Google Scholar 

  4. 4.

    Tsao R, Coats JR: Starting from nature to make better insecticides. Chemtech,. 1995, 25 (7): 23-38.

    CAS  Google Scholar 

  5. 5.

    Oh HK, Sakai T, Jones MB, Longhurst WM: Effect of various essential oils isolated from Douglas fir needles upon sheep and deer rumen microbial activity. Appl. Microbiol. 1967, 15: 777-784.

    PubMed Central  CAS  PubMed  Google Scholar 

  6. 6.

    Hubbell SP, Wiemer DF, Adeiare A: An antifungal terpenoid defends a neotropical tree (Hymenaea) against attack by fungus-growing ants (Atta). Oecologia. 1983, 60: 321-327.

    Article  Google Scholar 

  7. 7.

    Kemp MS, Burden RS: Phytoalexins and stress metabolites in the sapwood of trees. Phytochem. 1986, 25: 1261-1269. 10.1016/S0031-9422(00)81269-8.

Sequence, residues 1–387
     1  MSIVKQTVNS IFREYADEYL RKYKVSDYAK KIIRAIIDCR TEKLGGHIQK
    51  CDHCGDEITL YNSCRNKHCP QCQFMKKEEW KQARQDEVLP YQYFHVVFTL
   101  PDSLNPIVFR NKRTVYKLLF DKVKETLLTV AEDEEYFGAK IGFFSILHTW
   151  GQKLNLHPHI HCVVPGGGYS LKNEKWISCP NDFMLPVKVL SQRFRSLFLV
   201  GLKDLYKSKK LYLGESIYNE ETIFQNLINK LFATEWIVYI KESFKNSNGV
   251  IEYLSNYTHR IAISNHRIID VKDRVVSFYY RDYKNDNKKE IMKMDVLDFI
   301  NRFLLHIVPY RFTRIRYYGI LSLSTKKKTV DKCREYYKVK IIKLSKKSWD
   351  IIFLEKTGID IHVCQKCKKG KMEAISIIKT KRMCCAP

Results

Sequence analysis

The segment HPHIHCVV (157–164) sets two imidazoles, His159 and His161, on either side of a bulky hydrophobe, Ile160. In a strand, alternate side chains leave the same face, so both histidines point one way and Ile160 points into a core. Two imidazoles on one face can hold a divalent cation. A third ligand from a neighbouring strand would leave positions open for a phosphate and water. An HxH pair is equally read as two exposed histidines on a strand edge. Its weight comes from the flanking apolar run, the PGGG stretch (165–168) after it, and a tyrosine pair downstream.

CAS  Article  Google Scholar 

  8. 8.

    Harbone JB: Introduction to ecological biochemistry. Academic Press, New York. 1988

    Google Scholar 

  9. 9.

    Whittaker RH, Feeny P: Allelochemicals: chemical interactions between species. Science. 1971, 171: 757-770.

    CAS  Article  PubMed  Google Scholar 

  10. 10.

    Tsao R, Eto M: Photo-dependent plant growth inhibitory effect of the naturally-occurring allelochemical cis-dehydromatricaria ester(cis-DME) on lettuce. Chemosphere,. 1996, 32 (7): 1307-1317. 10.1016/0045-6535(96)00042-2.

    CAS  Article  Google Scholar 

  11. 11.

    Leopold AS, Erwin M, Oti J, Browing B: Phytoestrogens: adverse effects on reproduction in California quail. Science. 1976, 191: 98-100.

    CAS  Article  PubMed  Google Scholar 

  12. 12.

    Sutherst RW, Jones RJ, Schnitzerling HJ: Tropical legumes of the genus Stylosanthes immobilize and kill cattle ticks. Nature,. 1982, 295: 320-321.

    CAS  Article  Google Scholar